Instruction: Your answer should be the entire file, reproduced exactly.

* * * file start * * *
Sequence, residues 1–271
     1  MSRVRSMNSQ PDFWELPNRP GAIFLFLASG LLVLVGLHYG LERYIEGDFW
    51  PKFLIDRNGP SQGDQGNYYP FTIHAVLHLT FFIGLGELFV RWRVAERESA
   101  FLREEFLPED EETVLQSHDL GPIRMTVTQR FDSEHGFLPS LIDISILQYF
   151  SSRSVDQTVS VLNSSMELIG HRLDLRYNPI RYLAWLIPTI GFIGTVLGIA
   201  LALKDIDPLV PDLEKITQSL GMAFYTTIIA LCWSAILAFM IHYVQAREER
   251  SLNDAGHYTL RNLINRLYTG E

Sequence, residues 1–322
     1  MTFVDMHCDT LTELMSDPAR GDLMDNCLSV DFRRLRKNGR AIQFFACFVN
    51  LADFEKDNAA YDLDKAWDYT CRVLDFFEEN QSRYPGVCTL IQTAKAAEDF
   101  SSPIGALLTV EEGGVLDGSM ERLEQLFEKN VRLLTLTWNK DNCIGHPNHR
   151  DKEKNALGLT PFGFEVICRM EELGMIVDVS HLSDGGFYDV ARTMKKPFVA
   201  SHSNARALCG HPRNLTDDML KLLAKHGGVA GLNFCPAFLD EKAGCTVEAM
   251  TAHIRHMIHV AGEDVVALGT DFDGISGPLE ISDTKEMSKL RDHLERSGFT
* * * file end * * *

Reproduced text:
Sequence, residues 1–271
     1  MSRVRSMNSQ PDFWELPNRP GAIFLFLASG LLVLVGLHYG LERYIEGDFW
    51  PKFLIDRNGP SQGDQGNYYP FTIHAVLHLT FFIGLGELFV RWRVAERESA
   101  FLREEFLPED EETVLQSHDL GPIRMTVTQR FDSEHGFLPS LIDISILQYF
   151  SSRSVDQTVS VLNSSMELIG HRLDLRYNPI RYLAWLIPTI GFIGTVLGIA
   201  LALKDIDPLV PDLEKITQSL GMAFYTTIIA LCWSAILAFM IHYVQAREER
   251  SLNDAGHYTL RNLINRLYTG E

Sequence, residues 1–322
     1  MTFVDMHCDT LTELMSDPAR GDLMDNCLSV DFRRLRKNGR AIQFFACFVN
    51  LADFEKDNAA YDLDKAWDYT CRVLDFFEEN QSRYPGVCTL IQTAKAAEDF
   101  SSPIGALLTV EEGGVLDGSM ERLEQLFEKN VRLLTLTWNK DNCIGHPNHR
   151  DKEKNALGLT PFGFEVICRM EELGMIVDVS HLSDGGFYDV ARTMKKPFVA
   201  SHSNARALCG HPRNLTDDML KLLAKHGGVA GLNFCPAFLD EKAGCTVEAM
   251  TAHIRHMIHV AGEDVVALGT DFDGISGPLE ISDTKEMSKL RDHLERSGFT